Highlighting the unsuspected perils of traveling aboard commercial ships and ferries, the whale watching vessel Adventure Hornblower collided with the Embarcadero Pier in San Diego on Thursday afternoon. The Hornblower company is currently investigating the cause of the crash, which apparently was due to mechanical error (a throttle becoming stuck in the forward position). Seven people were taken to area hospitals with minor head, neck, or back injuries.
Though rare, boating accidents do sometimes take place. There are a number of commercial ferries and whale watching companies operating out of San Diego and other coastal Californian cities. If there is an accident due to mechanical or human error, and that accident injures you or your loved ones, and accident took place due to someone’s negligence or misconduct, then you may be entitled to financial compensation for your injuries.
The Liability of Common Carriers
Passenger airlines, tour bus companies, and sightseeing ferries all fall under the same transportation category. They are “common carriers,” conveying people and goods to predetermined destinations for set rates. That being said, these private companies are not above the law. Airlines, for example, are regulated by the Federal Aviation Administration, or FAA. There are a variety of regulatory bodies at the local, state, and federal levels designed to ensure the good conduct of common carriers and the safety of passengers. Common carriers have a duty to transport their passengers in the safest possible manner, making caution their number-one priority.
Common carriers can be held financially liable for accident-related injuries if they were negligent in their maintenance or operating procedures, or if they failed to take the reasonable precautions in adverse conditions. If a tour bus driver fails to warn his passengers to buckle up and then crashes into another car and injures several of his riders, then he and his company may be required to pay financial damages to the injured parties.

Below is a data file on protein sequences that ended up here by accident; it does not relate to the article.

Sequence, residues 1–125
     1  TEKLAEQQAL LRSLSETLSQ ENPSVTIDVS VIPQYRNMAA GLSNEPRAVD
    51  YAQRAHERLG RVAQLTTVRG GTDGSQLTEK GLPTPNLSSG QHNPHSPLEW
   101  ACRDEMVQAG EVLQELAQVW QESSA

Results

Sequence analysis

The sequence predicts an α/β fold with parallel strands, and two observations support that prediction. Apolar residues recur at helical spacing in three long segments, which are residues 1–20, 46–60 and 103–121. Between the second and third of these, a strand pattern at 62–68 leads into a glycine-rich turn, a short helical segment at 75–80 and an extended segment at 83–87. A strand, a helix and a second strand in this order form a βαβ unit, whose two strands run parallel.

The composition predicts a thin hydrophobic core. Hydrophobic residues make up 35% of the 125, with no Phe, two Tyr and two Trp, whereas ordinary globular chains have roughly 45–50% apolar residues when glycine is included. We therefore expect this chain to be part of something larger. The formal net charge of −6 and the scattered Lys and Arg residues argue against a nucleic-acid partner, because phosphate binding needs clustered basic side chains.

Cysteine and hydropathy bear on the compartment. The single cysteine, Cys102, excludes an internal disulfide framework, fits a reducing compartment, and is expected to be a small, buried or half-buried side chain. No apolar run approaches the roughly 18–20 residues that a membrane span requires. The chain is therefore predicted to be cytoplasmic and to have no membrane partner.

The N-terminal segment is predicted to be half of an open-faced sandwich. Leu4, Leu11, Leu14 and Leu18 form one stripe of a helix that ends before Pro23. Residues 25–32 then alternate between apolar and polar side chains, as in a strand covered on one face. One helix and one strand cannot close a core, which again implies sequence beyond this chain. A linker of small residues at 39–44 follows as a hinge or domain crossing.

Liability is sometimes difficult to determine in common carrier accidents. What the question of liability boils down to is whether the potentially liable parties were aware of a dangerous condition or not. In the case of the Hornblower whale watching vessel accident, if it comes to light that improper maintenance was performed on the Adventure Hornblower or that the captain or crew was negligent in their safety checks, the company will be liable for any damages or medical bills claimed by passengers.
To prove that you were injured by a common carrier’s negligence, the following conditions must be met:
- The carrier committed a breach of conduct (for example, an airline captain failed to switch on the “fasten seat belt” sign before entering heavy turbulence).
- This misconduct was a factor in your injury (you would not have been hurt if the carrier hadn’t been negligent).
- You were harmed by the accident—physically hurt, emotionally distressed, or suffered a loss of wages, income, or lifestyle.
Estey Bomberger Can Help You
Common carrier accidents are fortunately rare, but if one happens to you, you should act quickly to preserve your rights. From personal injury to wrongful death, the accident and personal injury attorneys at Estey Bomberger stand ready to help you. Contact us today.